Making sure that you’re following the detailed instructions of someone trained in both Pilates and the body’s movement patterns is hugely useful, and can have considerable benefits for your health, now and into the future.
To offer clients more meaningful outcomes in injury recovery, performance optimization, and injury prevention, Viverant has developed eVolution℠, a distinctive system that combines Pilates and physical therapy to harness the best of each.
Although each client will have specific goals and a tailored treatment plan, every eVolution track begins the same way: with a CoreScore℠ assessment.
The CoreScore gives us an idea of how you use your body during everyday tasks and exercises, including how you integrate your glutes, core, and trunk muscles into movements.
This isn’t a fitness test—don’t fear a return of those old middle-school gym days of crunches and pull-ups. Instead, the CoreScore consists of 10 whole-body exercises where the physical therapist will assess your performance of these exercises. Your outcome on each exercise is used as a powerful teaching tool to start to correct and restore healthy movement patterns.
The CoreScore will be retaken after every 6th visit in order to show you your progress and to continue to tailor your eVolution treatment for maximum benefit. Many clients gain significant insight from just their first CoreScore assessment, and they’re able to better grasp how weakness in one part of the body—particularly in their core muscles—may be leading to difficulties in other areas.
Although the CoreScore is considered a starting point, it’s a powerful kickoff to a results-oriented system. By knowing where you are now, you can understand where you have to go, and what it will take to get there.
Want a free CoreScore assessment? Download our eVolution whitepaper and you'll find a free CoreScore voucher inside!
Our newest system, eVolution, is changing the focus of treatment by infusing the best of Pilates and physical therapy together. This powerful combination's goal is to address, eliminate and prevent deficiencies limiting your body from reaching its maximum physical potential.
For a simple guide to how eVolution works and the benefits eVolution offers, download our infographic below.
Both Pilates and physical therapy can be powerful ways to build strength, speed recovery, and prevent future injuries. That’s why Viverant has developed eVolution℠, a distinctive system that combines the best of both to harness outcomes not often achieved independently.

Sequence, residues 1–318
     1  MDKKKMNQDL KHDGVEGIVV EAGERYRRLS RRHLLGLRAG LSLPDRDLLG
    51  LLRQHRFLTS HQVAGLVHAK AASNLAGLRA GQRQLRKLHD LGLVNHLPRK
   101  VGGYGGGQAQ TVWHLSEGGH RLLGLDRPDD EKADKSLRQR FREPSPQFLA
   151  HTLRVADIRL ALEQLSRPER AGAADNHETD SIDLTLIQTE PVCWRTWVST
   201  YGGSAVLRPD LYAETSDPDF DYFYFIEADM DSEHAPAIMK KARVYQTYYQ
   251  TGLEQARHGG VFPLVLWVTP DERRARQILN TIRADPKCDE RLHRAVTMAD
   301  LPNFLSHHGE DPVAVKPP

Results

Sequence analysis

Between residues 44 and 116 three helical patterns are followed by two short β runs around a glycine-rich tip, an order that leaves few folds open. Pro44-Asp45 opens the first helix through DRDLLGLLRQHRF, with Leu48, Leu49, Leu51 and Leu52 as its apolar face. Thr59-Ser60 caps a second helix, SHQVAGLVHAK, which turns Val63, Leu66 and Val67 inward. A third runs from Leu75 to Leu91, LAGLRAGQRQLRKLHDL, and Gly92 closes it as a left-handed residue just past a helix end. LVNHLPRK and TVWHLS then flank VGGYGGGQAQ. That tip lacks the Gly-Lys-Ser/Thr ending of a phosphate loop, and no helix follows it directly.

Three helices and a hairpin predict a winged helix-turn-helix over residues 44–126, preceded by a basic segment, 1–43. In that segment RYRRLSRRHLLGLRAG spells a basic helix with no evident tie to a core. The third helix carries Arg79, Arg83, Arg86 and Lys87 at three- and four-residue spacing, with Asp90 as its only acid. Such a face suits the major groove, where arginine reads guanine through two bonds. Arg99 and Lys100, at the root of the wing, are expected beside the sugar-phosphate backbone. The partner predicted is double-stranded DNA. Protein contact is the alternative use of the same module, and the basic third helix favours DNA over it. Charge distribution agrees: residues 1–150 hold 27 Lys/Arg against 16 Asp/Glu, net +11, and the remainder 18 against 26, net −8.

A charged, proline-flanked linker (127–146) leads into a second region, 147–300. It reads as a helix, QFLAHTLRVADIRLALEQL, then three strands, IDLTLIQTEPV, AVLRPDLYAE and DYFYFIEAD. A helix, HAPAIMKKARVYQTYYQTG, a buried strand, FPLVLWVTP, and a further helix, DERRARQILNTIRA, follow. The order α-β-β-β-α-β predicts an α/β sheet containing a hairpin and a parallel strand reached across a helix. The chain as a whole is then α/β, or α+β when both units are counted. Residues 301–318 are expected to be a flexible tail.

In order to meet your needs, eVolution consists of two distinct phases: Foundation and Lifestyle. Some of the same techniques are utilized in both, but each offers specific goals that are worth noting:
Once you reach a certain assessment score—based on pain level, mobility, and function—you are ready to transition to the next phase, Lifestyle.
In addition to graduating from Foundation, you can also opt for Lifestyle from the start, as long as you achieve a passing grade on the CoreScore assessment.
eVolution is an innovative system that combines Pilates and distinctive Physical Therapy skills. Created by Viverant, it helps harness the best of both worlds. Download the guide to learn more about this revolutionary new system that boosts performance, speeds up recovery and more.
Pilates has become known for creating more strength, improving coordination, and speeding recovery.
But like any specialized system of exercise, not every teacher brings the same depth of knowledge and knack for technique to the task. When evaluating different instructors and studios, here's what you should consider:
Training in body mechanics: Ideally, you would do well to find a Pilates teacher who has extensive experience in understanding physiology, anatomy, movement, and exercise science. For example, seeking out a physical therapist who can guide you through Pilates sessions would give you a more personalized plan, geared toward your goals, level of fitness, and injury history.
Listening skills: There are some classes, like dance sessions or kickboxing, where you can jump in, have fun, and work up a sweat. But Pilates is all about precision, not a calorie scorch. In order to get the best results, you need a teacher who will listen to your aims — injury prevention vs. performance boost — and tailor your movements accordingly.
Certification and experience: Anyone can take a quickie course (sometimes even online) and then claim to be a Pilates teacher. That's why it's particularly important to talk to teachers about their training and background, especially if you'll be working with equipment. Like any type of exercise, it's possible to become injured if training isn't done properly, so making the effort to check into a teacher's background is essential.